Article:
Immune Health Nutrition

By Dr Linia Patel, Dietitian

Are you regularly washing your hands, stocking up on hand sanitiser, being super mindful to not touch your face and now working from home all because of coronavirus? Interested in knowing what else can you do to improve your immune health nutrition? I have put together a list of 5 easy ways to boost your immune system. While the suggestions below will not make you invincible, they are sensible and easy to follow and can help strengthen your natural defences against viruses, colds and flu and keep yourself as healthy as possible.

5 Easy Ways to Boost Your Immune System

1. Strengthen your gut

The microbes in your gut not only help your body digest food, but they also help regulate your metabolism and your immune system. In fact, almost seventy percent of your immune system is in the gut. Eating fermented food (think bio-live yogurt, miso, kimchi, kefir, sauerkraut) popping a probiotic or increasing dosage if you are already on one boosts the level of good bacteria in your gut. These good bacteria influence your body’s T-cells, the crucial white blood cells that help power your immune system. They also help reduce inflammation which prevents infection.

Practical Tip:

Eat at least one portion of fermented food each day.

2. Stay hydrated

Your body is made up of more water than anything else, so it’s not surprising that poor hydration has a detrimental impact of the effectiveness of your immune system. Optimal hydration is important for removing toxins from which the body and dehydration reduces the overall volume of blood and lymphatic fluids that are integral in a healthy immune system response.

Practical Tip:

Use your urine colour to help you determine if you need to drink more water. If you are hydrated your urine will be a pale straw colour.

3. Reduce stress

Yes, we are living in very strange times however stressing about it to no end is counterproductive. Stress causes an anti-inflammatory response within the body as it activates your fight-or-flight response by releasing stress hormones such as cortisol and adrenaline. This in turn supresses your immune system which then leaves you more susceptible to infections.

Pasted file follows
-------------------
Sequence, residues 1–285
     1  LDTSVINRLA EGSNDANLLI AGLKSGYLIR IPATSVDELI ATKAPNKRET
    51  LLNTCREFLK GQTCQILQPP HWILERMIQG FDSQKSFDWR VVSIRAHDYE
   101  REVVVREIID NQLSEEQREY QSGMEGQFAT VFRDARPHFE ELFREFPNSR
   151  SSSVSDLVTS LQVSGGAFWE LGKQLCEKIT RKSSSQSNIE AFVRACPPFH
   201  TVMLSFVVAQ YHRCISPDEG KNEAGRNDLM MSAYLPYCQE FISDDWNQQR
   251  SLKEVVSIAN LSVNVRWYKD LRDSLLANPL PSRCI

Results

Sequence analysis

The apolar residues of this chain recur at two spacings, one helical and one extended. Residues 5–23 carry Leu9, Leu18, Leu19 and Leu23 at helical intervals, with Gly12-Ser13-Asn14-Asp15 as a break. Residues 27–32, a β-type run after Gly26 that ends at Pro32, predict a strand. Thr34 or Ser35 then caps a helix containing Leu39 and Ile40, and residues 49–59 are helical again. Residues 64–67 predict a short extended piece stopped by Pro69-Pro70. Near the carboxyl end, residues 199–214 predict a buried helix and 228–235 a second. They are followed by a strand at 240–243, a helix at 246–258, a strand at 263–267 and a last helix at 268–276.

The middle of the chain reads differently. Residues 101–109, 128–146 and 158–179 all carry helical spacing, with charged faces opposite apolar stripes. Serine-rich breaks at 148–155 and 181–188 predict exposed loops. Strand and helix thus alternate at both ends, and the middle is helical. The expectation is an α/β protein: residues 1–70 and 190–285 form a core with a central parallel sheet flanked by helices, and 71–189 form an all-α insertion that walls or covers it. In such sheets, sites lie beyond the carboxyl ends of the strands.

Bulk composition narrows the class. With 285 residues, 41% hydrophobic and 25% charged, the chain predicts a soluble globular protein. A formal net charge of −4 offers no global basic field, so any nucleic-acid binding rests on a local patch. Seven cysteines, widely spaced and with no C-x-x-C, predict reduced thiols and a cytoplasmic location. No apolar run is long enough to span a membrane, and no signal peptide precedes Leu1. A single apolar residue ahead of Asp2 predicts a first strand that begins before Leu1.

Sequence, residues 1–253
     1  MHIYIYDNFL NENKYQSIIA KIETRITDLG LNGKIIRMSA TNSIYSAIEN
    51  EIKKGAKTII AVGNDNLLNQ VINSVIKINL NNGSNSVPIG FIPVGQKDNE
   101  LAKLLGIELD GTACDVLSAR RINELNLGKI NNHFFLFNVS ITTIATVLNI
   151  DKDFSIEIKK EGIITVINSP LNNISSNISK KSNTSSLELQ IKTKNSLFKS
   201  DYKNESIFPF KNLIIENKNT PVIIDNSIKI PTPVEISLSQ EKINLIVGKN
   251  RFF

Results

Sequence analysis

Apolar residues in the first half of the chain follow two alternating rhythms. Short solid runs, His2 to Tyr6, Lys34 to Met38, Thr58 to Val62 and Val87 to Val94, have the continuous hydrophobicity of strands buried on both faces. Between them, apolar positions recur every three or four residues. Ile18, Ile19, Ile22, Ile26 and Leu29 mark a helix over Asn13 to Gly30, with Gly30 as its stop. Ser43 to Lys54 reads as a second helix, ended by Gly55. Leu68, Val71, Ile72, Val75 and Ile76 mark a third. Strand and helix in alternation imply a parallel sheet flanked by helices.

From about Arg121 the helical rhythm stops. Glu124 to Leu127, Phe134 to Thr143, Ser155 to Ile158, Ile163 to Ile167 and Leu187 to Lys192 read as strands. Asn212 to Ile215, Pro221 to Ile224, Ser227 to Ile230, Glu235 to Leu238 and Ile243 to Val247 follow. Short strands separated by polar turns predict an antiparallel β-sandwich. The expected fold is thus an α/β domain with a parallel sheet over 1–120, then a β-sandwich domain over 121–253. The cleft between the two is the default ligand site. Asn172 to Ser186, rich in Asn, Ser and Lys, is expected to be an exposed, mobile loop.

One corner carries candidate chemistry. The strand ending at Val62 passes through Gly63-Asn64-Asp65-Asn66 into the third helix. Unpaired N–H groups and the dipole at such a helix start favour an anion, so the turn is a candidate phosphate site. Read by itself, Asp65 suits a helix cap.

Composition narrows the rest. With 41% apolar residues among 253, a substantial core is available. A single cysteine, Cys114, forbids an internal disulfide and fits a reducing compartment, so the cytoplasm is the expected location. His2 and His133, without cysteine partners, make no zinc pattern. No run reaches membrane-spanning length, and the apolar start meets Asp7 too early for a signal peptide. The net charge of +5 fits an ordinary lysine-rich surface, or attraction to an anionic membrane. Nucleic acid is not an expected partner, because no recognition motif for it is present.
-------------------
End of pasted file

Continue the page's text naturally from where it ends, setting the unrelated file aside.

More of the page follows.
Practical tip:

Don’t panic! Find a restorative way of managing your stress. Maybe try meditating, yoga or getting out in nature.

4. Reduce inflammation

Studies have shown that a high intake of simple sugars decreases white blood cell production buy up to 50%. Eating a diet based on wholefoods and loading up on antioxidant rich vegetables and fruit will boost your overall health and help protect you from other viruses and infections. On the other hand, a diet that is high in refined foods and sugars (refined carbs including junk food and alcohol) is known to dramatically decrease your immune function.

Vitamin D is another key nutrient that dampens inflammation. Recent research has shown that people with low vitamin D levels are 36% more likely to catch a cold than those who are not. The reason for this is that vitamin D helps your body produce a protein called cathelicidin that fights bacteria. As it’s the sunshine vitamin, and most of us don’t get enough of that over winter, it’s recommended to take a supplement over the winter period.

Practical Tip:

In my clinical experience 1000IU of D3 a day during autumn and winter is sufficient to maintain good vitamin D levels.

5. Sleep some more

Are you getting the recommended 7-8 hours of sleep a night? Getting enough sleep is crucial for a strong immunity and is also vital for a speedy recovery should you catch a virus. Without sufficient sleep, your body makes fewer cytokines, a type of protein that targets infection and inflammation, effectively creating an immune response. Cytokines are both produced and released during sleep hence being sleep deprived reduces the amount of cytokines produced and therefore reduces the infection-fighting antibodies needed. A lack of sleep also leads to an increase in the body’s level of cortisol, a stress hormone that can take a roll on your immune system. Lowering your levels of cortisol increases your immune response.

Practical Tip:

Don’t sacrifice sleep even for exercise. Aim for at least seven hours a night and if you don’t get that have a nap.

Appointments

Our Dietitian Dr Linia Patel is available for online consultations. If you would like to make an appointment with her, please send an email to info@putneyclinic.co.uk or call us on 020 8789 3881.

References
  1. Batatinha H, Biondo L, Lira F, Castell L, Rosa-Neto J. 2018. Nutrients, immune system and exercise. Where will it take us? Nutrition 61: 151
  2. Chandra R. 2003. Nutrient regulation of immune function. Forum Nutr 56; 147 – 148
  3. Karacabey K, Ozdemir N. 2012. The Effect of Nutritional Elements on the Immune System. J Obes Wt Loss Ther 2:152
  4. Williams N. 2010. Probiotics. Am J health Syst Pharm 67; 449 -458
  5. Cantorna MT, Zhao J, Yang L (2012) Vitamin D, invariant natural killer T-cells and experimental autoimmune disease. Proc Nutr Soc 71: 62-66
Photo credits

Photo courtesy of heftiba (Unsplash)